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Idaho Enterprise

Mayor Speaks to Stone and MES students about Cities

Mayor Hawkins traveled to the Stone Elementary to teach the second and third grade students what it takes to run a city as she read “Friends City.”  With each page, the students were eager to ask questions and share their own understanding of what city life is like.

 While most of the students that attend Stone Elementary don’t live within the city limits, Mayor Hawkins felt it was important for them to still learn about what it takes to run a city.  She shared, “Who knows, maybe one day they will live in the city and they will run for mayor themselves!”  She continued that at the very least, it's important for them to understand how communities work together to have hospitals, parks, safe roads, places to collect their garbage and people to serve as police or firemen.  

 As the students discussed the story, they recognized that many of their families do indeed help serve and lead in their community as they serve on the school board, as EMTs, with Search and Rescue, as Sheriff deputies, County Commissioners and as a part of the volunteer Fire Department.  Like the city in their story, it takes all the citizens working together to create a community where people can learn, grow and safely raise their families for generations to come.  

Later in the day, Mayor Hawkins spoke to the combined third grade classes of Malad Elementary School along with Destiny Hart from the Association of Idaho Cities about what kinds of services cities provide for their residents.  They was assisted in the presentation by City Superintendent Tyler Webster, who demonstrated one of the city’s vehicles, a front loader.  Recent DYW first alternate Raegan Smith also spoke to the third graders about her experiences working for the city.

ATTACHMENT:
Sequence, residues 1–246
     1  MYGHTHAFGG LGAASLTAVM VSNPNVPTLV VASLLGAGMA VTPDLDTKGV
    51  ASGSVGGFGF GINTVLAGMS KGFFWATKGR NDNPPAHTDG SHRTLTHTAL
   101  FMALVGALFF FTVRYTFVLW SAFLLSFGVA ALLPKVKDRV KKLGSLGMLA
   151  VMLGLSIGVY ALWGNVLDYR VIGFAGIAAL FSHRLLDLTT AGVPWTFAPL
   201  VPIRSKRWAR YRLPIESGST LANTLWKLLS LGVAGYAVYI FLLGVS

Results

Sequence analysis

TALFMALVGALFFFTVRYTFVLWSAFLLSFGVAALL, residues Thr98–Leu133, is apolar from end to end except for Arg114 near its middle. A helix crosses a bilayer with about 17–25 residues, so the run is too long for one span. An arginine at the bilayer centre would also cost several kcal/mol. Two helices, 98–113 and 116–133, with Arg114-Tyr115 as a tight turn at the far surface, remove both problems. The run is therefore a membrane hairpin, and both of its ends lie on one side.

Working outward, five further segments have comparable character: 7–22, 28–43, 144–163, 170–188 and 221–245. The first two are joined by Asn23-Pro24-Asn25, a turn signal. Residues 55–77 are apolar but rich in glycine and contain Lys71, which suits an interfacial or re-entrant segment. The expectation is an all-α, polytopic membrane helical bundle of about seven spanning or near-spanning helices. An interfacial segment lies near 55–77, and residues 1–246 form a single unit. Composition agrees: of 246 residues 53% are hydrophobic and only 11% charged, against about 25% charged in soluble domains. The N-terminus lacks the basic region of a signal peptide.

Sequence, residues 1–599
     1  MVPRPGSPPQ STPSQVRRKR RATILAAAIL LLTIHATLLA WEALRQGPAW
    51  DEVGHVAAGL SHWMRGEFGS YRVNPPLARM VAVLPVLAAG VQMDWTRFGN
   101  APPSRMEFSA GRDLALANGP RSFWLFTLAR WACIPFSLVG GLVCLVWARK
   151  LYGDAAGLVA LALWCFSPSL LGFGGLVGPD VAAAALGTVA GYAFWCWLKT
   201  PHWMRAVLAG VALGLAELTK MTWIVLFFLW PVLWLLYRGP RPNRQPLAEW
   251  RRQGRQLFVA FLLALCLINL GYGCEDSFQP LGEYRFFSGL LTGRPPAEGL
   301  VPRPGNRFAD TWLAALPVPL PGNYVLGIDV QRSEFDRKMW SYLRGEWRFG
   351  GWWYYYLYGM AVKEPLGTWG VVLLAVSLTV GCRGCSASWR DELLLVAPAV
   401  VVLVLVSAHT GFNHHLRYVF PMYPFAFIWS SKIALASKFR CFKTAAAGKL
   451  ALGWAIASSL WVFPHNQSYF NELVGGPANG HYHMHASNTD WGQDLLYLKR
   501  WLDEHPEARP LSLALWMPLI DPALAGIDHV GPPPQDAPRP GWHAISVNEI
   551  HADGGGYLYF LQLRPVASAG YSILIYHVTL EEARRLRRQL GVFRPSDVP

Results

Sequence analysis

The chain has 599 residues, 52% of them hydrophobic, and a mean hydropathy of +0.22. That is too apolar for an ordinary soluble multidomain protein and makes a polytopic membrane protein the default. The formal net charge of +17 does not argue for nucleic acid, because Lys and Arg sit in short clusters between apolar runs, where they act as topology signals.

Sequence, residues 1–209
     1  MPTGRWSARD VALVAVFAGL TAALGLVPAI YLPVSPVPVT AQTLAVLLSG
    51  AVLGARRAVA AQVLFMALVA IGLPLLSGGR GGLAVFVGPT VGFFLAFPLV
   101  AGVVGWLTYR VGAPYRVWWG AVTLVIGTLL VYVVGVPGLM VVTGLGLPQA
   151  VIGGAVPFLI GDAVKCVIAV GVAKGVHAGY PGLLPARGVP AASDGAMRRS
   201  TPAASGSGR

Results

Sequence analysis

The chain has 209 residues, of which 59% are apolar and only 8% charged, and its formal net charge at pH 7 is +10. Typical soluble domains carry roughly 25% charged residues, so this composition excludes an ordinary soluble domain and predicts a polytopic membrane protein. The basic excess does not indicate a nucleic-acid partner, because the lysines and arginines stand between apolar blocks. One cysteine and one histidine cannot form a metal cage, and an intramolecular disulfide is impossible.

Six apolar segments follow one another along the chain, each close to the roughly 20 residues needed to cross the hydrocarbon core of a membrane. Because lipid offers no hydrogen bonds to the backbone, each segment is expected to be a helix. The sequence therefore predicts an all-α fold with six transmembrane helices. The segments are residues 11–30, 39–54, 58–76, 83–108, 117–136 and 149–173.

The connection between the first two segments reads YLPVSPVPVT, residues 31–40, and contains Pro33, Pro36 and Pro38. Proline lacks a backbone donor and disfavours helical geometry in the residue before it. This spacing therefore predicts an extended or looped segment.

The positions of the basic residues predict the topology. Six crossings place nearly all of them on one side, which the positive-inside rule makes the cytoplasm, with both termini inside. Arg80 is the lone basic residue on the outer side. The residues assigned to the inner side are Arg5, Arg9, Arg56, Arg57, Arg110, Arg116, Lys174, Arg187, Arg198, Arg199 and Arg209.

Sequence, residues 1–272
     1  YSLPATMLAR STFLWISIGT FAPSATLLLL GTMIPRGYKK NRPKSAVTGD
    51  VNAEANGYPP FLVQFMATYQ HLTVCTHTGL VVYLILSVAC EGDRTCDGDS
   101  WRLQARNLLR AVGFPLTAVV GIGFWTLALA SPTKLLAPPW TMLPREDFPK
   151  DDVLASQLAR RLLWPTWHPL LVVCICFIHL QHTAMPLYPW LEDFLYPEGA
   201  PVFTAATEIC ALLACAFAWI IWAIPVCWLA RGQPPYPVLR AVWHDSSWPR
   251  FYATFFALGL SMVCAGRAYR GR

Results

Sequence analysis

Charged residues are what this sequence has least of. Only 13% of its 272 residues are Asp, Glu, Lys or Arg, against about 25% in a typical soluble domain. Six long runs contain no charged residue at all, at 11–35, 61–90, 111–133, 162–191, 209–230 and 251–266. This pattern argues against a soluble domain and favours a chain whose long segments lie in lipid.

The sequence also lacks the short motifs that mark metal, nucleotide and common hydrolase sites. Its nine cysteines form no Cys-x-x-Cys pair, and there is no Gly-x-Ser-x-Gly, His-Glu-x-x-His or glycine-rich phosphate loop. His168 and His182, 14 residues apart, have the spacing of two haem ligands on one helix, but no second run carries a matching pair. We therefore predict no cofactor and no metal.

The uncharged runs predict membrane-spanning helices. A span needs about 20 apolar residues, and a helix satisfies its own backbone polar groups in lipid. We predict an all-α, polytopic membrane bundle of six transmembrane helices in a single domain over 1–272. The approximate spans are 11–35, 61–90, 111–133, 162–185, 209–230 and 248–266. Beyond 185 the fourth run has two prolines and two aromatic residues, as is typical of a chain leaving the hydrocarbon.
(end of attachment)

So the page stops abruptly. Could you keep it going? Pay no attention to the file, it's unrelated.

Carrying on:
Against the backdrop of the book pages on the school’s large projection screen, the mayor again went through the pages, stopping to ask kids some of the question prompts as they emerged.  There were no shy kids as the mayor asked the assembled students things like “what do you like about the library?” (“Nature books!” “All kinds of books!”  “Sitting and reading!”), “What do police officers do for us?” (“Keep us safe!” “Stop bad guys!” “Find lost animals!”), and “What animals would you want to see in a zoo if we had one?” (“Lions!” “Tigers!” “Bears!”).

When asked what kinds of things the students liked about living in Malad, many of them responded by talking about the city park and the splash pad.  Some requested new playground equipment, which is a project the city has been considering.  “That’s wonderful,” Mayor Hawkins said.  “I’m so glad that none of you said you mostly liked to play on your phones!  All of these outdoor activities are wonderful!”

Tyler Webster, City Superintendent, met with the students outside to discuss some of the city’s equipment.  On hand, he had a 924K wheel loader.  He explained the various things that the city uses the piece of equipment for, including snow removal, moving dirt, and road maintenance.  As with the mayor, the students were full of questions and comments, many having to do with how their dads drove a similar machine, or a different version of it.  “My dad lifts us up in the scoop part to watch the fireworks,” one student yelled.  “I used to do that until my son fell out,” Webster laughed.  “Now I don’t do that anymore.”

As part of the program, sponsored by the INL, the League of Idaho Cities, Association of Idaho Cities, and STEM, each classroom involved in the presentation will be entered into a drawing for $100 toward their classroom.  The program is designed to increase civic awareness and inform students on the range of services that come from an organized city system.

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